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New restrictions and arrest as Tibetans celebrate the Dalai Lama’s 80th birthday

June 29, 2015

TCHRD, June 25, 2015 - Almost two weeks before the Dalai Lama’s 80th birthday on 6 July, the People’s Republic of China (PRC) has started preventing public celebrations and detaining people for sharing photos online. Tsering Dondrub, 25, was detained for posting images of the Tibetan flag and the Dalai Lama on WeChat. It is unknown where he is being detained or how he is being treated. The secret detention of Tibetans arrested for exercising their human rights is common and family members only learn about the specifics of the case and see their imprisoned relatives at their trial, if it is ever held.

The detention of Tsering Dondrub, follows established patterns of human rights violations in Tibet. WeChat is closely watched by the PRC and Tibetans can be arrested and given severe prison sentences for sharing material on WeChat. In the weeks leading up to the Dalai Lama’s birthday PRC officials are tightening already existing restrictions in Tibet. Tibetans in Tsering Dondrub’s village in Rebgong (Ch: Tongren) County in Malho (Ch: Huangnan) Tibetan Autonomous Prefecture in Qinghai Province were prevented from participating in a variety of events on 21 June to commemorate the Dalai Lama’s birth year. (According to Tibetan lunar calendar, the Dalai Lama turned 80 on 21 June.) The public was also banned from attending events at monasteries and could have their phones confiscated and searched. The detention of Tsering Dondrub may well be the tip of the iceberg, and more Tibetans may have been detained or are in danger of getting detained since it has increasingly become a standard practice for the local Chinese authorities to punish Tibetans when the world is not watching.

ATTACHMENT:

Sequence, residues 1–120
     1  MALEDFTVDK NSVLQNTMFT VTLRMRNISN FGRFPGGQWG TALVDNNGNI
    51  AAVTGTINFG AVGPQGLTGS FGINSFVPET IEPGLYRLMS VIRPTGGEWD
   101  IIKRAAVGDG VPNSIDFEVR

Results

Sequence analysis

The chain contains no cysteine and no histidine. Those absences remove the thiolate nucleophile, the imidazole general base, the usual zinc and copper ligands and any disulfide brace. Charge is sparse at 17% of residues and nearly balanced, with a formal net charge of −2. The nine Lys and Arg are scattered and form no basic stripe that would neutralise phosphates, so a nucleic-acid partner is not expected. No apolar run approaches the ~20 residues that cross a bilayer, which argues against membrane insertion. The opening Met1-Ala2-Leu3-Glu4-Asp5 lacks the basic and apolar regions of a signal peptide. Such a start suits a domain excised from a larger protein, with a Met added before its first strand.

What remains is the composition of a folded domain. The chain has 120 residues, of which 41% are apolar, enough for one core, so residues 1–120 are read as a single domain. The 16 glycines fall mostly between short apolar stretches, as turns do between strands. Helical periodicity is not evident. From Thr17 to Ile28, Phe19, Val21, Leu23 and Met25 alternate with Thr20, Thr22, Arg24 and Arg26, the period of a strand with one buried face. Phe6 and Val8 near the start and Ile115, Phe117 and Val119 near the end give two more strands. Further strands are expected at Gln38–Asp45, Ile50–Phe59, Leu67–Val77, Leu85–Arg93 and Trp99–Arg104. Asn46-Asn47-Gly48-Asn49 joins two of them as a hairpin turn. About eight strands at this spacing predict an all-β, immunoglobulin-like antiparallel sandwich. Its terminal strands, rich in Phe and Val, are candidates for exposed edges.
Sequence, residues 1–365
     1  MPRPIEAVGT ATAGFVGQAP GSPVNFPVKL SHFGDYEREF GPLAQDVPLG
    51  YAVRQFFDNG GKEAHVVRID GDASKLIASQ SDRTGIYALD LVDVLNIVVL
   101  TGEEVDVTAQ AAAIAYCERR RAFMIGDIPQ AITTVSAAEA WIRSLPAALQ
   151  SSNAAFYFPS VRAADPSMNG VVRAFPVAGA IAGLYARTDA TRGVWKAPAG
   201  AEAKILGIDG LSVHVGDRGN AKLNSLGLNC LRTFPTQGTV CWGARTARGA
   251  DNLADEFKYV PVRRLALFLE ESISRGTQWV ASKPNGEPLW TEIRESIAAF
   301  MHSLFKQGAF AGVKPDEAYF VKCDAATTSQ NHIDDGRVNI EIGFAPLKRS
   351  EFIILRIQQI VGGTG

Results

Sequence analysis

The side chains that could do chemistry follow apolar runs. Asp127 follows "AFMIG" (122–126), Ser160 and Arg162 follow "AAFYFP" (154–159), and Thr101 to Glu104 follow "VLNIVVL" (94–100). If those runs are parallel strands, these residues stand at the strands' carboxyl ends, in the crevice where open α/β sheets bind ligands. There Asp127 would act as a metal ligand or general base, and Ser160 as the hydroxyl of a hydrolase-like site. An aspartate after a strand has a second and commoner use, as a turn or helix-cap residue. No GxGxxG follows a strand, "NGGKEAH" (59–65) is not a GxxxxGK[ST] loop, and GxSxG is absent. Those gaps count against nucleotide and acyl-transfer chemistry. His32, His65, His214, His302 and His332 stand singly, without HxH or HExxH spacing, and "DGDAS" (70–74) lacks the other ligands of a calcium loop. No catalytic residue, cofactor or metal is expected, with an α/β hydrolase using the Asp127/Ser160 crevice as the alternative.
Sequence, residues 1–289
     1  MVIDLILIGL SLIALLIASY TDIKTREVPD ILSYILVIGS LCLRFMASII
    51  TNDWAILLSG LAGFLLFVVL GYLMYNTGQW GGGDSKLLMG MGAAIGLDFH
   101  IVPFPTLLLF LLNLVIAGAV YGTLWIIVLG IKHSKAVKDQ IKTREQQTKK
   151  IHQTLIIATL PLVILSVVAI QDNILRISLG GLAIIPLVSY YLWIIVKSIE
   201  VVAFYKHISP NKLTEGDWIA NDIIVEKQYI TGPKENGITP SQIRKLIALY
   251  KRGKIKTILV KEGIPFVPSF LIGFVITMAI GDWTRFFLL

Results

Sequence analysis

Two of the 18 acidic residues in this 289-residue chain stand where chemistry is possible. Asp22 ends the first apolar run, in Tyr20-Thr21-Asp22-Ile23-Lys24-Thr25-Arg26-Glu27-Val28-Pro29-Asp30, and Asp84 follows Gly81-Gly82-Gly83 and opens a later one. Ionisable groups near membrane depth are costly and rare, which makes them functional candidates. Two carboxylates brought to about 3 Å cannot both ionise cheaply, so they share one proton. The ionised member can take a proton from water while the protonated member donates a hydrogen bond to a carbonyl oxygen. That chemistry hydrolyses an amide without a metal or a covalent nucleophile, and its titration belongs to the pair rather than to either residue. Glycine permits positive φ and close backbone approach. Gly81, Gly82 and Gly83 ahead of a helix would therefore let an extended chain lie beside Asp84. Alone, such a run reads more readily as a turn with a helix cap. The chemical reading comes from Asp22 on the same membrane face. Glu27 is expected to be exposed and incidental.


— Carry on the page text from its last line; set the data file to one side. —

The PRC has frequently cracked down on peaceful gatherings commemorating the Dalai Lama’s birthday. In 2013, police fired into a crowd of Tibetans who had gathered in Tawu (Ch: Daofu) County in Kardze (Ch: Ganzi) Tibetan Autonomous Prefecture in Sichuan Province to celebrate the Dalai Lama’s birthday. Nine Tibetans were injured by bullets, including Gyen Tashi Sonam, a monk and teacher at Nyatso Monastery, who was shot in the head.

Usually, before major events the PRC will attempt to prevent people from gathering and begin arresting activists. Tsering Woeser was placed under house arrest to prevent her from meeting United States Secretary of State John Kerry when he visited Beijing in 2014. More dramatically, in the build up to the 25th Anniversary of the Tiananmen Square Massacre in 2014, the PRC detained people for any potential reference to the anniversary. This included detaining people for taking pictures in Tiananmen Square flashing a V for victory sign.. Journalists were warned about going near the square. At least 66 people were detained and more, like 81-year-old Bao Tong, were forced to leave Beijing. The detention and threats leading up to the anniversary of the Tiananmen Square Massacre were also accompanied by increased restrictions on digital communications—including blocking all Google services.

The crackdowns against Tibetans for celebrating the Dalai Lama’s 80th birthday are following a similar pattern as the buildup before the Tiananmen Square anniversary. Tsering Dondrub’s detention for posting photos of WeChat was accompanied by officials blocking public gatherings and vehicles specially equipped with digital surveillance equipment patrolling Tibetan areas. TCHRD is concerned that as the Dalai Lama’s 6 July birthday approaches the scale and scope of repression in Tibet will increase. Accordingly, TCHRD urges the PRC to respect Tibetan’s rights to freedom of assembly, freedom of speech, thought and expression, and the related right to privacy.


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